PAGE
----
The snow crunches beneath my feet, the crisp air burns my lungs with every inhale. I flip the collar of my mom’s leather jacket up against the wind and continue picking my way across the sparkling snow. Every sound makes me flinch, waiting for the danger it hides. This isn’t my season. A million beats of my heart hammer blood past my ears, but no arrows fly toward me. No Waniyetu materialize from the dark winter’s night to kidnap or kill me.
At the first sign of snow this afternoon at the Denver Botanical Gardens, I knew I’d be sneaking away from my village well after midnight. Tracing the path my family’s rental car had taken one fateful night more than forty years ago. The night I lost them all. The night I gained immortality for the pattern of freckles along my wrist.
The traffic along Colorado Boulevard is heavier than it was back then, even at nearly three in the morning. It’s far too cold tonight for foot traffic, but I stay invisible to human eyes all the same. Bright colored lights adorn the cookie-cutter houses. They shine through the layer of newly fallen snow like beacons of hope.
The year I was twelve, when mom’s leather coat trailed on the ground when I tried it on, we flew to Colorado for a skiing holiday. It had been the most exciting week of my life with bright red cheeks and huge cups of hot cocoa. The swirl of heat off the marshmallow-dotted liquid rose into the mountain air. My little sister, Lucy, and I had snowball fights and learned to ice skate. We skied on tiny pieces of wood strapped to our feet. And we were more alive in the thin air than we’d ever been before.
I force myself to picture the last night. My parents’ faces are blurry no matter how hard I concentrate. All I recall is my mom’s enormous beehive and the smell of her Channel No. 5, which faded long ago from her coat. My dad’s Buddy Holly glasses and grey fedora. Lucy was wrapped in yards of blankets, only her large gray eyes — like mine — peeking through. Mom let me wear her new leather jacket for the ride. The Temptations played on the radio, everyone singing along to stay awake until we got to Stapleton where a long flight home to New York awaited.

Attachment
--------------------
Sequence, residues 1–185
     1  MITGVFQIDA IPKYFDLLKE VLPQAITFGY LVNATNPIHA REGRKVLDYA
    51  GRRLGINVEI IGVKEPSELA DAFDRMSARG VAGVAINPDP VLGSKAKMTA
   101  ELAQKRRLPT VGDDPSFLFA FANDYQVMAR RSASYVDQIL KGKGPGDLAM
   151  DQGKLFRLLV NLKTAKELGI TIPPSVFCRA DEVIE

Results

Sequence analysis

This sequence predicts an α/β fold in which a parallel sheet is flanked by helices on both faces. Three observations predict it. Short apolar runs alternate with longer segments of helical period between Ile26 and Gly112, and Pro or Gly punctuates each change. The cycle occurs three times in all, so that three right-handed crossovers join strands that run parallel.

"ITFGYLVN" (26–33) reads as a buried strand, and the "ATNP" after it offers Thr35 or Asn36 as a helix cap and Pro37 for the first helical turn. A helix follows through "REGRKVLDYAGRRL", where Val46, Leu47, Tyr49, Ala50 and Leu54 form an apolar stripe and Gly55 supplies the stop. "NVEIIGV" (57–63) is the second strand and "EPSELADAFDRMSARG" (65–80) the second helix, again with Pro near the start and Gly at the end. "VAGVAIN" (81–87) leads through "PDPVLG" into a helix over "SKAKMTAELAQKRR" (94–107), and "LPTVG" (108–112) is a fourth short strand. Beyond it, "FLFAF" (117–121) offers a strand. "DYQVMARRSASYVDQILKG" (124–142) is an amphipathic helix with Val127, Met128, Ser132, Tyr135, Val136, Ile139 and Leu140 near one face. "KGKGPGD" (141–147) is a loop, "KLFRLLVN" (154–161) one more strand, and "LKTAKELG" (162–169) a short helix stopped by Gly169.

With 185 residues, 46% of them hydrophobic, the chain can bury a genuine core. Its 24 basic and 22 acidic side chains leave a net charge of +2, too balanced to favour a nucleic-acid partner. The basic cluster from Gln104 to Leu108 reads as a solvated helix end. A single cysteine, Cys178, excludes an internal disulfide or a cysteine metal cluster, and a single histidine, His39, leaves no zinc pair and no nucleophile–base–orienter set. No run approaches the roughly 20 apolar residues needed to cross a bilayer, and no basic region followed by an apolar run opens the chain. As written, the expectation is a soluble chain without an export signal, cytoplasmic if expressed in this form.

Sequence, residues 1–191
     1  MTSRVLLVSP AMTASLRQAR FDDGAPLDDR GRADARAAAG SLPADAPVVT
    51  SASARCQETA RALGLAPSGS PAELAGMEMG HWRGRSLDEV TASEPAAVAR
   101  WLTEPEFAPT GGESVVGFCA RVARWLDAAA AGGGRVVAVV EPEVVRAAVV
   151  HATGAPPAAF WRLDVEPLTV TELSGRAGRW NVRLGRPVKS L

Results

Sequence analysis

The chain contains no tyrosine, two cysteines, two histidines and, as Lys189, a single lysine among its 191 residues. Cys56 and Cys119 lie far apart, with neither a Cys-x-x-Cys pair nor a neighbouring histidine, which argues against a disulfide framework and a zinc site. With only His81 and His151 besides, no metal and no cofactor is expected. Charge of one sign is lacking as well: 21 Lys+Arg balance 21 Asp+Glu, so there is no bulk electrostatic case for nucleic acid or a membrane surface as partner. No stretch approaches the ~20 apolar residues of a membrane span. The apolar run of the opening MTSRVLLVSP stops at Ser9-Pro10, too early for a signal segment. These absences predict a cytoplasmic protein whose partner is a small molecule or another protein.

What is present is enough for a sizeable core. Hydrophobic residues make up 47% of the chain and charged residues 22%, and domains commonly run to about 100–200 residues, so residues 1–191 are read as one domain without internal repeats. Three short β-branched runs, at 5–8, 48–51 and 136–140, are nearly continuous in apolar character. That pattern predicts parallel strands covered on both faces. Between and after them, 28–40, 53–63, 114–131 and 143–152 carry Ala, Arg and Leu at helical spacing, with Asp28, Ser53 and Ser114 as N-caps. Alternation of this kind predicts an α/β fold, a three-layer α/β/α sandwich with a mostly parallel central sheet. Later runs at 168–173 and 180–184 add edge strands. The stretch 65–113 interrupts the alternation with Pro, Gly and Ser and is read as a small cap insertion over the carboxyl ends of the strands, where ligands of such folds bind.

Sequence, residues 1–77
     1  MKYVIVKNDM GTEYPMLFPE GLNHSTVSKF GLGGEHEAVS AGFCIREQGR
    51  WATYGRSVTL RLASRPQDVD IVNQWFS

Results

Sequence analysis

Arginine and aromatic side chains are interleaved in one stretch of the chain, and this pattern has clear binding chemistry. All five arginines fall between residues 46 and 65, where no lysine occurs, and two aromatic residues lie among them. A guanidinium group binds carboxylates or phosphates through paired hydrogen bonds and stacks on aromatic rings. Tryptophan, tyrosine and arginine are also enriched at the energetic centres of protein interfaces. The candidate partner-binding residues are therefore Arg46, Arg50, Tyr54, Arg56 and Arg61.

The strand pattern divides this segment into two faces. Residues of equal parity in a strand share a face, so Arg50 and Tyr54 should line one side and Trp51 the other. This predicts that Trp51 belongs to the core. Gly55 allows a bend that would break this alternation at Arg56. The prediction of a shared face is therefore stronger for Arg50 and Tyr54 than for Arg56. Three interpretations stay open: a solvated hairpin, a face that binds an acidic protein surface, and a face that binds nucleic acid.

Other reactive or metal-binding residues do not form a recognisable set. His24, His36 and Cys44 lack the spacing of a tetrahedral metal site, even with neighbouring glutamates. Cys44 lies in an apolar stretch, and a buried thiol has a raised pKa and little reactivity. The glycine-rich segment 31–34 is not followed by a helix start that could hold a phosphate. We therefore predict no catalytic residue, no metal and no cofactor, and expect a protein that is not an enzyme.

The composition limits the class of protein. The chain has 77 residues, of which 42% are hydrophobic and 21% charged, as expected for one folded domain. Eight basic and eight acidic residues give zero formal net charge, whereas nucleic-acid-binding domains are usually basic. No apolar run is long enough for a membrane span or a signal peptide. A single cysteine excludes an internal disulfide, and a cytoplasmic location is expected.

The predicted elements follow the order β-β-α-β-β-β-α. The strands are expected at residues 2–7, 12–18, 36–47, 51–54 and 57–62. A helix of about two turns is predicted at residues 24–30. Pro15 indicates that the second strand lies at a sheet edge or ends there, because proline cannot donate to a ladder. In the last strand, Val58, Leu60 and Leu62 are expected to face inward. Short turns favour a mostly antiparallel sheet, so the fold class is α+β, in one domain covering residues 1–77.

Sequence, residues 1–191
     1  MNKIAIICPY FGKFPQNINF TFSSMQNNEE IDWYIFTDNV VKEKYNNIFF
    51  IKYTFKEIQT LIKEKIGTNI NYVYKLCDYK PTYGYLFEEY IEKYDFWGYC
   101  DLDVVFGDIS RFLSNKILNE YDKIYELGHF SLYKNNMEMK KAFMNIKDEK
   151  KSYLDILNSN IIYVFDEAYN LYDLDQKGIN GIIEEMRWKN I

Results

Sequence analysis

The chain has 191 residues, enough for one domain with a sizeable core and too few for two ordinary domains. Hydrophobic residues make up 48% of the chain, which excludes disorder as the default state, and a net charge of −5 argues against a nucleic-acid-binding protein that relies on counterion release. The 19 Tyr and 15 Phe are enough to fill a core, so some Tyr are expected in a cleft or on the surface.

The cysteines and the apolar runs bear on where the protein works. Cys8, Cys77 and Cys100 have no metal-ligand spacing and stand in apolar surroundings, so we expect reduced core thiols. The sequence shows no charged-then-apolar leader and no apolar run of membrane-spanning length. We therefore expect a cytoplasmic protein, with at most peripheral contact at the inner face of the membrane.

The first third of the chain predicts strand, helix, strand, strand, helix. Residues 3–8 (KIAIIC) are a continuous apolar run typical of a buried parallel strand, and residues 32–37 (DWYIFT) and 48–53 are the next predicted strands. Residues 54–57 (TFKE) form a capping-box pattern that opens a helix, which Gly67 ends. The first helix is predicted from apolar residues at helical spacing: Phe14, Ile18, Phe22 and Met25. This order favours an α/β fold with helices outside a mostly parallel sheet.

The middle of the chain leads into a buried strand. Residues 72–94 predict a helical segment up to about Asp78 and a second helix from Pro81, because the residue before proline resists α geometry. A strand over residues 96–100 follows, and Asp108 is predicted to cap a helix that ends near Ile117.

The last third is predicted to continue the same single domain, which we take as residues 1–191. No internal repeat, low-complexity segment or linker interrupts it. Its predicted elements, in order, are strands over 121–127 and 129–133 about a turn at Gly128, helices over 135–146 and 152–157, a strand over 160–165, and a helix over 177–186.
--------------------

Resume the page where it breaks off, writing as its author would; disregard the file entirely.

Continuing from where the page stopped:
And then we started sliding. Tires squealed and brakes pumped uselessly. Dad gripped the wheel so tight his knuckles turned whiter than the snow. Mom gasped. Lucy and I screamed. We struck something and the car flipped. Sparks and gravel sprayed the air before we slammed into something solid. Unmoving. Unmoveable. The marks it made on the road leading up to the light post have long since been repaved; the light post refurbished to something modern. I kneel at the spot where our car made its final resting place. Trace a finger in the snow. Tears freeze against my cheeks in the wind, unable to hit the ground.
In the spot where Lucy died, having been ejected through the windshield, I lay down in the snow. Let the cold seep through the leather and satin lining, through my layers of spider-silk clothing to my flesh. If I lay here long enough, maybe I’ll feel her with me. My skin prickles in response. My hair fans out like a frozen silver waterfall around me. The night isn’t still. It’s evasive. Cars race through dirty slush. In the near distance, the soft growls and splashes of zoo animals pierce the quiet. A gaggle of geese honk and reassure each other on the man-made lake. And a blanket of cold air pushes us all down, down, down. Pinned against the surface of the spinning Earth.